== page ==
But needless to say, this is no normal year, and Young’s boss Patrick Dardis’ suggestion is less sleight of hand, more a dose of realism.
The pub boss was speaking after the release of a set of half year numbers that would make accountants wince during the good times.
In the 26 weeks to 28 September, revenue fell 66% to £55.1m year on year. From a pre-tax profit of £24.3m in 2019, Young’s swung to a loss of £21.8m.
It would seem like a desperate position to be in if it weren’t the company’s sound financial management, which modelled a worst-case scenario lockdown lasting six-nine months.
According to Dardis, the only figure that actually matters is its banking facilities, which stand at £285m, with headroom of £160m.
This includes £30m via the Bank of England’s Covid Corporate Financing Facility (CCFF), and a £20m revolving credit facility from NatWest.
Young’s also raised £88m in a share placing, giving the company a platform to reinvest out of lockdown, rather than merely tread water and attempt to conserve cash.
“We would normally be talking about like-for-like sales, whether the summer was good or bad, whether there was big sporting occasions,” Dardis says. “But of course it’s all about Covid-19 lockdown and survival
“The discussions in every boardroom around the UK is about cash, because cash is king, it surpasses everything at the moment.
“Do we have enough cash to survive the worst of times? Can Young’s see through the very worst of this?
“Absolutely… We’re going to see this through, and we’re seeing it through very comfortably.”
Having found a firm financial footing during the first lockdown, Dardis says Young’s is the first company to be in a position to kickstart an investment programme of this kind.
Timing is everything
Seven sites have been under development in recent weeks, with five finished and reopened just before the recent lockdown, and two of last year’s acquisitions still being developed, with a view to opening in the new year.
With the pub sector mired in uncertainty, and companies like Young’s burning through millions a month, just how hard was it to persuade institutional investors to part with £88m?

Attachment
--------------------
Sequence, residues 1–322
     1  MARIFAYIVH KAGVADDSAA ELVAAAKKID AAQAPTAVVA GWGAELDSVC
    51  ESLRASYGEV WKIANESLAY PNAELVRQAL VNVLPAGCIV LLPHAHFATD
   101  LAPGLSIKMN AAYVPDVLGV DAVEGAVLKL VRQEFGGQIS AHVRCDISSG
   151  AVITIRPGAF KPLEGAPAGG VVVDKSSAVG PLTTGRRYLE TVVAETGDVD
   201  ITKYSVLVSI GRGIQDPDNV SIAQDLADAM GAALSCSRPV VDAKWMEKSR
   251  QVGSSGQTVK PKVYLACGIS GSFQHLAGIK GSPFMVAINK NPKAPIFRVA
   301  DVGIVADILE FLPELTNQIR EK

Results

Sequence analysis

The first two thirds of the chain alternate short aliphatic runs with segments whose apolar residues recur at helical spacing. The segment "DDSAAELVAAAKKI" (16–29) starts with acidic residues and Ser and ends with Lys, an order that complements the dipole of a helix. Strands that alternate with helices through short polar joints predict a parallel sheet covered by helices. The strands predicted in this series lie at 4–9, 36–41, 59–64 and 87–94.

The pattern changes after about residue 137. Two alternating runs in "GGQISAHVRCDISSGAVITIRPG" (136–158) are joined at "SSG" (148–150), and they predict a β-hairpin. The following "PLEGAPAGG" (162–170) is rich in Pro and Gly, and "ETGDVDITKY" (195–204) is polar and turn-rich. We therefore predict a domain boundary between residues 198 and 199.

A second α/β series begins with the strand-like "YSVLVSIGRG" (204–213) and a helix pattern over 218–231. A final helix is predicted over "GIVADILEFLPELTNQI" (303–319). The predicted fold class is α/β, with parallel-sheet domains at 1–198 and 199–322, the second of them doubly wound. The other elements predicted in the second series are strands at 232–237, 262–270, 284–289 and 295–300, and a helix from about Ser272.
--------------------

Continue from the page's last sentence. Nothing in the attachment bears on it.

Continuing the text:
While by no means easy, Dardis was able to rely on a demonstrable growth strategy.
“Timing is absolutely everything,” he says. “If we’d waited and done it later, possibly there would have been less appetite.
“But I think the story we were telling to shareholders was very much, we’re secure, we’re looking for this money to get back into a growth trajectory.
“We had demonstrated for many years our growth strategy. Investors had confidence and trust in the business model that Young’s had, and hopefully in the executive team.”
Young’s took its time to reopen in the summer, choosing July to get better prepared for operating under the new guidelines.
Despite a torrid year of disruption, when trade did restart, trade in July, August and September was on average over 80% of normal, giving him hope for the future.
The groundwork makes the second lockdown much easier to manage, he says.
“We’re very comfortable, very confident and looking forward to the future, beyond the pandemic,” Dardis says.
“We’ve spent enough time in the dark shallows, just working on the now but not necessarily looking forward to the future. The journey we’re on now is about looking forward.”
When it comes to reopening, Dardis is unequivocal about what the sector expects of government, top of list being to scrap the 10pm curfew.
“It doesn’t make sense. It achieves the opposite of what you want to achieve, so why do it?” he asks.
His compromise is to have last orders at 10pm but close at 11pm, allowing an orderly exit and for customers to finish their food without rushing.
He is also urging the Government to ensure regions open in a lesser tier than what they went into.
“Otherwise what was the point of ruining the economy with a four-week lockdown if we can’t go back to better position than we arrived entered the lockdown?”
Vertical and wet-led venues have borne the brunt of the restrictive measures, and in Youngs’ case, draught beer has taken a hit in sales, while cocktails are up in popularity, as mobile ordering encourages upselling.
Some of these trends might be temporary, but alongside the acceleration of technology, Dardis reckons things like table service are here to stay.
“Table service, the app, tablets – they are now set in stone, they are now part of the furniture of operating pubs,” he says.
“There are a number of things that we have learned that through the pandemic that we will keep without doubt, going forward.”
Approaching its anniversary, the avuncular pub boss acknowledges the crisis is the worst the company has seen in its 189 years.
But he remains steadfastly optimistic for the future, hailing the prospect of a vaccine and mass testing as a “game changer” for the country, residents and pubs.